Our ultimate calling is to live our lives in such a way that those who otherwise have no hope can be in a new community along with us so that all of us are healed by hope and love, which are are the only things that can put fear in its place. My friends, this is the conversion the Gospel calls us to this day. There are so many hopeless and lonely people in this city. Some are already in this congregation. Do they – do we – experience the healing of hope and love? Or are we so full of judgment or apathy that people can’t find healing here? How do we become a healing community of forgiveness?
A good starting place is to see ourselves loved by this love, because until we do, we can’t love others with the heart of a shepherd that looks at wolves in their sheepliness. The challenge isn’t to recognize people who are wolves dressed as sheep. It is to creatively imagine wolves that are in some hidden part of their lives like sheep, and to love them as such. In order to respond like that we have to learn to be less concerned about our reputation and more concerned about love. Jesus’ love is for the persecutors, the scandalized, the depressives, the traitors, the finger pointers, and for all those they are pointing fingers at. Jesus’ love will not be party to any final settling of accounts. It seeks desperately and insatiably for good and evil to participate in a wedding banquet. (James Alison, Raising Abel, p. 187-8)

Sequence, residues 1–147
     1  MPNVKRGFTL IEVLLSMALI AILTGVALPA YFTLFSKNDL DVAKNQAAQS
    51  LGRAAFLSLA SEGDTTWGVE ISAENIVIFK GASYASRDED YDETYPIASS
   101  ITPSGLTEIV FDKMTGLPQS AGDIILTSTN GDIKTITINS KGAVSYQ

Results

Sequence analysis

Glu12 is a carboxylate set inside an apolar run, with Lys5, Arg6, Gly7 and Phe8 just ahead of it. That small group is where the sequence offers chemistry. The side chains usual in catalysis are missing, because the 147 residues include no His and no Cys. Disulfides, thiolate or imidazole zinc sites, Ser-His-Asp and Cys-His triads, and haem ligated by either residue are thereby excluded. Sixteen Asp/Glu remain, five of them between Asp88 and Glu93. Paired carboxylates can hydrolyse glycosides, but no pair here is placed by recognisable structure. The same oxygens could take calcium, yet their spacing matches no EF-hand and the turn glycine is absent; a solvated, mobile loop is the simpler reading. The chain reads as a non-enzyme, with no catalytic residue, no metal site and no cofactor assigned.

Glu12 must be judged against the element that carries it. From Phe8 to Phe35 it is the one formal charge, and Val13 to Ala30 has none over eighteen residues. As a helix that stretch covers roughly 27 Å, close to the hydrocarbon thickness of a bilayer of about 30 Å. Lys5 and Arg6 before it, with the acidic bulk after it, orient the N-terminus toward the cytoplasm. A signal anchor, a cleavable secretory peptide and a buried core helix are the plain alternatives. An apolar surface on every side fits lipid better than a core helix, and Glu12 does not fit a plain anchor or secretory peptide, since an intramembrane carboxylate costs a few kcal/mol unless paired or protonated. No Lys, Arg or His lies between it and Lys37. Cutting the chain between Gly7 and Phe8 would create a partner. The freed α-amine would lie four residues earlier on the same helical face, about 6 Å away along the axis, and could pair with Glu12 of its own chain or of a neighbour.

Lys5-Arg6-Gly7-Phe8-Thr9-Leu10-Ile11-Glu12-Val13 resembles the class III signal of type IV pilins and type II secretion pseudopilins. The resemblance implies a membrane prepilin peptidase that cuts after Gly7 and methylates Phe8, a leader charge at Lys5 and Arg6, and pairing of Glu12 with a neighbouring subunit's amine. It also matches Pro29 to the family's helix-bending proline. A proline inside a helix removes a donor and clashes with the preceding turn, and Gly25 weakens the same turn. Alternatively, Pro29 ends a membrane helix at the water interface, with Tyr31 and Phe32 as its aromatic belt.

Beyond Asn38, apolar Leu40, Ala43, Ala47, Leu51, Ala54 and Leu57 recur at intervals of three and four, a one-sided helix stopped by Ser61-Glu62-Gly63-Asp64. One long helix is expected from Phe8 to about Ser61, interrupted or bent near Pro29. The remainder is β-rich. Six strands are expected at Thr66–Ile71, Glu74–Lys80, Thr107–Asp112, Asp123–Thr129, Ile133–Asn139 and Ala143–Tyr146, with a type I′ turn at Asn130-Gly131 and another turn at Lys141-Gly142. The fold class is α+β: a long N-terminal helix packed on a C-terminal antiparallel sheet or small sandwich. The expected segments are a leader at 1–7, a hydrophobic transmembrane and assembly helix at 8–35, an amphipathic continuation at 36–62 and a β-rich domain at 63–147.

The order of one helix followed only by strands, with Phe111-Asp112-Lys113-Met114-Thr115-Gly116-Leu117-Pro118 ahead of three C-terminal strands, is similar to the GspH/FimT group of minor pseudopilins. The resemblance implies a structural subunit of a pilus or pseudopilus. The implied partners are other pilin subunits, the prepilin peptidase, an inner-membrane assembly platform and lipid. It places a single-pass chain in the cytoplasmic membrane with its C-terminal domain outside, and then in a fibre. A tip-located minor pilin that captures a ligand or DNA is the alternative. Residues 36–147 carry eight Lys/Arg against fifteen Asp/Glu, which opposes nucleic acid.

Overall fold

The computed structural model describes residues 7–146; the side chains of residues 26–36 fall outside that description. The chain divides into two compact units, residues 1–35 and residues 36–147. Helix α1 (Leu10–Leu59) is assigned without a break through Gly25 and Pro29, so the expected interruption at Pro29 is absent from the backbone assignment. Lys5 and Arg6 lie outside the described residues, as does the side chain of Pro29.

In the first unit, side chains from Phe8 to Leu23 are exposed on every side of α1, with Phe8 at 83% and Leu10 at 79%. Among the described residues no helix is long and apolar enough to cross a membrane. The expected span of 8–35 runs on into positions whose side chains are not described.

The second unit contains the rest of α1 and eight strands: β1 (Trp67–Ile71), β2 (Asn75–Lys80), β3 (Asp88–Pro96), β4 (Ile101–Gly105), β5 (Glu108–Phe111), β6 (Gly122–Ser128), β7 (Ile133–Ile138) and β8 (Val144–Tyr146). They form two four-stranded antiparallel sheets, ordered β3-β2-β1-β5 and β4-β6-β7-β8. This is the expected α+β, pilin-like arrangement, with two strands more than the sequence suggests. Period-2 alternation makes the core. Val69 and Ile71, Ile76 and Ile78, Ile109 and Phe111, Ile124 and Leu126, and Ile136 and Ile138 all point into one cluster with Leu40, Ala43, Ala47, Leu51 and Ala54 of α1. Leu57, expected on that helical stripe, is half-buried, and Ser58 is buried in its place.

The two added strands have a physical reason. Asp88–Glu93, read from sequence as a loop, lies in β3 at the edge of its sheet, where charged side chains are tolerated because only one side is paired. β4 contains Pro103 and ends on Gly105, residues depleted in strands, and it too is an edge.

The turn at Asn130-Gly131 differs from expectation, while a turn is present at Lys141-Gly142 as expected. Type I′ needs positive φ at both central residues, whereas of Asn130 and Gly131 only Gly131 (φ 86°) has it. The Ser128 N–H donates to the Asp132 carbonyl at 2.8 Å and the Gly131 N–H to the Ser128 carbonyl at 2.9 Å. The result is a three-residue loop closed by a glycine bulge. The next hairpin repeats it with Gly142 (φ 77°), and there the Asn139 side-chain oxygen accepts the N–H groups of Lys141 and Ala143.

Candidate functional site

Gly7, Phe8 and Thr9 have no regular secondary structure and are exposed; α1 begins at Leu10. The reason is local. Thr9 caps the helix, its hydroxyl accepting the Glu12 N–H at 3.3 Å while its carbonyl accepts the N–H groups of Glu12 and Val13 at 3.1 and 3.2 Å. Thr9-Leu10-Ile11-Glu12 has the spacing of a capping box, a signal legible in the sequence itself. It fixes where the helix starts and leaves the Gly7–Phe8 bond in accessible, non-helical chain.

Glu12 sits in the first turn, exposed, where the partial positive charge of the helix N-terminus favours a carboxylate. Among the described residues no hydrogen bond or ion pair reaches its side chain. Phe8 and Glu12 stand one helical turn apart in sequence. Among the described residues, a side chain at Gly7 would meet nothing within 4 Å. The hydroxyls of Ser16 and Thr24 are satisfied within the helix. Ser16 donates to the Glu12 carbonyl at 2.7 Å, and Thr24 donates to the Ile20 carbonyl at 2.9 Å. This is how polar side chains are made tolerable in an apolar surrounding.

Dorothee Soelle was a German theologian who taught for a long time at Union Theological Seminary in New York. One day she was walking by a construction site in New York City and asked a construction worker, “Excuse me, do you happen to know what time it is?” He replied with a kind of good-humored mockery, “Am I Jesus, lady?” His answer was so strange that she was completely speechless. But she hasn’t been able to get his question out of her mind. For him, Jesus is a heavenly being who has nothing to do with us, who sees, hears, knows and can do everything, but is removed from us. Churchy language calls him Messiah, Lord, Son of God, and the Christ. The effect has been to remove us from Jesus.
She concludes, “Today I would answer the worker at the construction site by saying, ‘Yes, you are Jesus, man – what else would you want to make of your life?’ Being yourself, alone, isn’t sufficient; you know that already. You, too, are born and have come into the world to witness to the truth. So don’t make yourself smaller than you really are. Just imagine, you are Jesus and I am Jesus and your mother-in-law is Jesus and your boss is Jesus. We, together, are Jesus. And if we are Jesus, what would change? There is something in every one of us of God.” So to the question, “Am I Jesus, lady?” The answer can only be “Yes, shouldn’t I be?” (Dorothee Soelle, Theology For Skeptics: Reflections on God, p. 88)